P.F. (Zimbabwe) v The International Protection Appeals Tribunal and The Minister for Justice and Equality
IE: Court of Appeal rules that Ireland can no longer exercise the discretion under art. 17 when another State took responsibility under art. 29 Dublin Regulation
The applicant, Zimbabwe national, applied for asylum in Ireland on 10 May 2021.The former Office of the Refugee Applications Commissioner (“ORAC”) recommended not to be granted asylum and the Minister issued a negative decision. The applicant further requested subsidiary protection on 11 July 2012 but following an oral hearing held on 3 May 2016, he received a negative decision. On 18 June 2016 the applicant was detained by Hampshire police in UK.
In 2016, judicial review and proceedings were instituted against a decision of the of the Refugee Appeals Tribunal (“RAT”, now, pursuant to s. 71(5) of the International Protection Act 2015, the International Protection Appeals Tribunal) to affirm a recommendation that the applicant is not eligible for subsidiary protection.
On 22 June 2016 the UK requested that Ireland take back the appellant pursuant to Article 18(1)(b) of the Dublin III Regulation. Since the transfer of the applicant did not take place by 5 February 2017, responsibility for his international protection application was transferred to the UK pursuant to Article 29(2) of the Dublin III Regulation. This transfer of responsibility was confirmed by the IPO in a letter to the Home Office dated 8 February 2017. The IPO further confirmed by letter of 14 February 2017 that Ireland would not accept a voluntary transfer of the appellant as the UK was now the Member State responsible for her international protection application. In 2017, the proceedings sought judicial review of the decision of the IPO concerning the Dublin Regulation claiming that the State enjoys a discretion under Article 17(1) of the Dublin III Regulation to reassume responsibility for the examination of the international protection application of the appellant following a transfer of responsibility to the UK pursuant to Article 29(2) of the Regulation.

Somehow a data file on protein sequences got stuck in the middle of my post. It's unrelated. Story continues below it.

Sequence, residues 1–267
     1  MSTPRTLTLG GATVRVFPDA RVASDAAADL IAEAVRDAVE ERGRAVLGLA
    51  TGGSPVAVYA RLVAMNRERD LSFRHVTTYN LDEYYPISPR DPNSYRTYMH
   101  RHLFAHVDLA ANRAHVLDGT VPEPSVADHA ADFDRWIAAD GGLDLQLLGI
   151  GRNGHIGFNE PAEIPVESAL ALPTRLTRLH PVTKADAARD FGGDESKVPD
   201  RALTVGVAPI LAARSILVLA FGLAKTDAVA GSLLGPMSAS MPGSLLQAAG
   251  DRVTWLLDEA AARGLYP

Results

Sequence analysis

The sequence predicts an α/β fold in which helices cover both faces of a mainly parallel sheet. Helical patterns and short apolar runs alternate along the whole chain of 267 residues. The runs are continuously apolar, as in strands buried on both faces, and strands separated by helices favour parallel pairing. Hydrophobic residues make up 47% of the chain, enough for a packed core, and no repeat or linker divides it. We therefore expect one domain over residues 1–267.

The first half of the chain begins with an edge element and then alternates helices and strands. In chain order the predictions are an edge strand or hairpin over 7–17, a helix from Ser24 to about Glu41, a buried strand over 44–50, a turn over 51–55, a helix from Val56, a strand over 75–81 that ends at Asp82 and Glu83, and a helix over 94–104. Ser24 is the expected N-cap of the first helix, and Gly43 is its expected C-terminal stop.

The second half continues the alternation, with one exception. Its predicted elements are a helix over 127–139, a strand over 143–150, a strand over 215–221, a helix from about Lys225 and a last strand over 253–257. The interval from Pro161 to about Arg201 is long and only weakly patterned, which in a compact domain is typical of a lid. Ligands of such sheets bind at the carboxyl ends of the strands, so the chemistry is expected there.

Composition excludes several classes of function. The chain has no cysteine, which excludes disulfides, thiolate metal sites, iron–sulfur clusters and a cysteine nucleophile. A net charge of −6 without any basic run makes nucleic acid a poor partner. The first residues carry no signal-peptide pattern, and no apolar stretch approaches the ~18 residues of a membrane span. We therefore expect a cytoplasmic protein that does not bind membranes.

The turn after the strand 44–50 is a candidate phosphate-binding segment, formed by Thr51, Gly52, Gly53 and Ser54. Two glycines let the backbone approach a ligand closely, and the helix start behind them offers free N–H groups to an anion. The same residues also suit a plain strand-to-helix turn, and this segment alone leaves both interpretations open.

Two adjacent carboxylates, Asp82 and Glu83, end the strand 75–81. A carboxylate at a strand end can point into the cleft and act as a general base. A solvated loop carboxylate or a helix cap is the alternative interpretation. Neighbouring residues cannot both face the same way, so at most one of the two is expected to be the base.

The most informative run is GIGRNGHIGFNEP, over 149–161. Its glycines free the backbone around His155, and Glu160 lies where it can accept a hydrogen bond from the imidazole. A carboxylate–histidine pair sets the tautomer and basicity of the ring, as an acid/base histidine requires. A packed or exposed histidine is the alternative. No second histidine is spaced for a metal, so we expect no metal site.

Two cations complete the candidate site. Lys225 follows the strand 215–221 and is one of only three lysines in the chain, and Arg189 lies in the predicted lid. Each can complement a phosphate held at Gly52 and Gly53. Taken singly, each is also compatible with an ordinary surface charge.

The Court of Appeal dismissed the applicant’s claims and ruled that in circumstances where responsibility is transferred to another Member State by virtue of the operation of Article 29(2) of the Dublin III Regulations, the Minister can no longer exercise discretion under Article 17 of the Dublin III Regulation to assume responsibility for assessing the applicant's international protection application.
The decision can still be appealed by the party before the Supreme Court.
Asylum Procedures/Special Procedures; Dublin procedure;
Court Service Ireland
Ireland, Court of Appeal , P.F. (Zimbabwe) v The International Protection Appeals Tribunal and The Minister for Justice and Equality,  IECA 357, 18 December 2020. Link redirects to the English summary in the EASO Case Law Database.